What follows isn’t meant as an indictment of Leon Schuster. It isn’t even meant as an indictment of Leon Schuster’s audience. Everyone has the right to watch whatever they want – even if it’s crap. Truth be told, we all have our guilty pleasures. Hell, I watch ‘Glee’ every week and there’s simply no excuse for that.
So, I’m not going to criticise anyone for enjoying what I think is the puerile ‘comedy’ of Schuster and his international counterparts. To each their own and all that. But the tremendous success enjoyed by Oom Leon and his ilk means that there isn’t room for any other kind of comedy on our screens. And that’s what makes me sad.
You see, I’m both a writer and a fan of comedy. But this kind of poep/fart/kick-in-the-balls genre doesn’t appeal. It isn’t the kind of comedy I want to write and it isn’t the kind of comedy I want to watch. That isn’t to say that I don’t enjoy a good fart joke, and I was reared on the slapstick of Buster Keaton, Harold Lloyd and Chaplin. However, it’s a gross injustice to compare the masters of silent comedy with the witless pratfalls of Adam Sandler et al.
Consequently, I usually find myself on the ‘hipster’ side of the comedy equation – championing TV shows and movies that are critically acclaimed but commercially tangential. I devour brilliant series such as Community, 30 Rock, The Thick of It and Parks and Recreation, while I eschew chart-topping rubbish like 2 and Half Men. That’s just the way I’m wired.
Now, in a normal unregulated media environment such as they enjoy in America or Britain, that wouldn’t be a problem. There are enough broadcasters and movie studios to ensure that at least a few niche products get the green light each year. The fate of these left-field endeavours then rests in the hands of the audiences, and that is how it should be.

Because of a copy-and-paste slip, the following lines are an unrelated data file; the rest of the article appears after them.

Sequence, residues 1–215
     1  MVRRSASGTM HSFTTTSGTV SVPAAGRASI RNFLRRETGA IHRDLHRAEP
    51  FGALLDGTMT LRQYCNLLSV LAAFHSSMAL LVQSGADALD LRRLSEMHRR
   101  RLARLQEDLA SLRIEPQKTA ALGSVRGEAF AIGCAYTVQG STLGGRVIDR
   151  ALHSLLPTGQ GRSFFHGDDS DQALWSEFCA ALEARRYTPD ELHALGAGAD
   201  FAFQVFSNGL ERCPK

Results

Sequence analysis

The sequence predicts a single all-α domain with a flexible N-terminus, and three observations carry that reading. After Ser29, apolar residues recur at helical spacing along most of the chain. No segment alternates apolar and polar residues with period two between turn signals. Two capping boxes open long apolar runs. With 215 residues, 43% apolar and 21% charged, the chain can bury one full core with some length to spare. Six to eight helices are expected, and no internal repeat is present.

Unfortunately, I work and live in South Africa where there is a virtual monopoly on media production. We have the Big 5 broadcasters and a handful of viable movie producers – none of whom have the capital or courage to take a risk. As a result, our South African movies and TV shows are pitched at the broadest possible audience, usually based on a format that proven popular in previous iterations. And preferably with boobs.
That means our local audiences are fed a constant stream of lowest-common-denominator pabulum; a vague and derivative mixture of toothless sitcoms and juvenile comedies. There are occasional exceptions: Jozi and Material, both directed by Craig Freimond, were pretty good and at least tried to take things to the next level. But, by and large, we are still very much stuck in the 1980s – creating disposable comedy that would make Tony Danza look cutting edge.
It’s therefore no surprise that a market fed exclusively on porridge has never developed a taste for sushi or a nice meta-curry. And that leads, as is always the case, back to me…
I guess the thing that really gets me is that, under the current dispensation, there just isn’t a place for me in South Africa (either as a writer or an audience member). I have never made it all the way through a Leon Schuster movie. I can’t watch more than a couple of episodes of any local sitcom. I shun local movies at the cinema (because they are either kak comedies or self-righteous dramas). And this means that I am forced to consume all my media from overseas; hooking into the global media establishment while simultaneous isolating myself in a bubble of internationalism.
In other words, when it comes to English-language programming, I have to concede that I am utterly disconnected from the local market. I steadfastly believe that a shot to the nuts is only funny in a home video, and I’ve finally come to accept that this kind of ‘sophistication’ makes me the worst thing I could ever be: irrelevant. IMHO.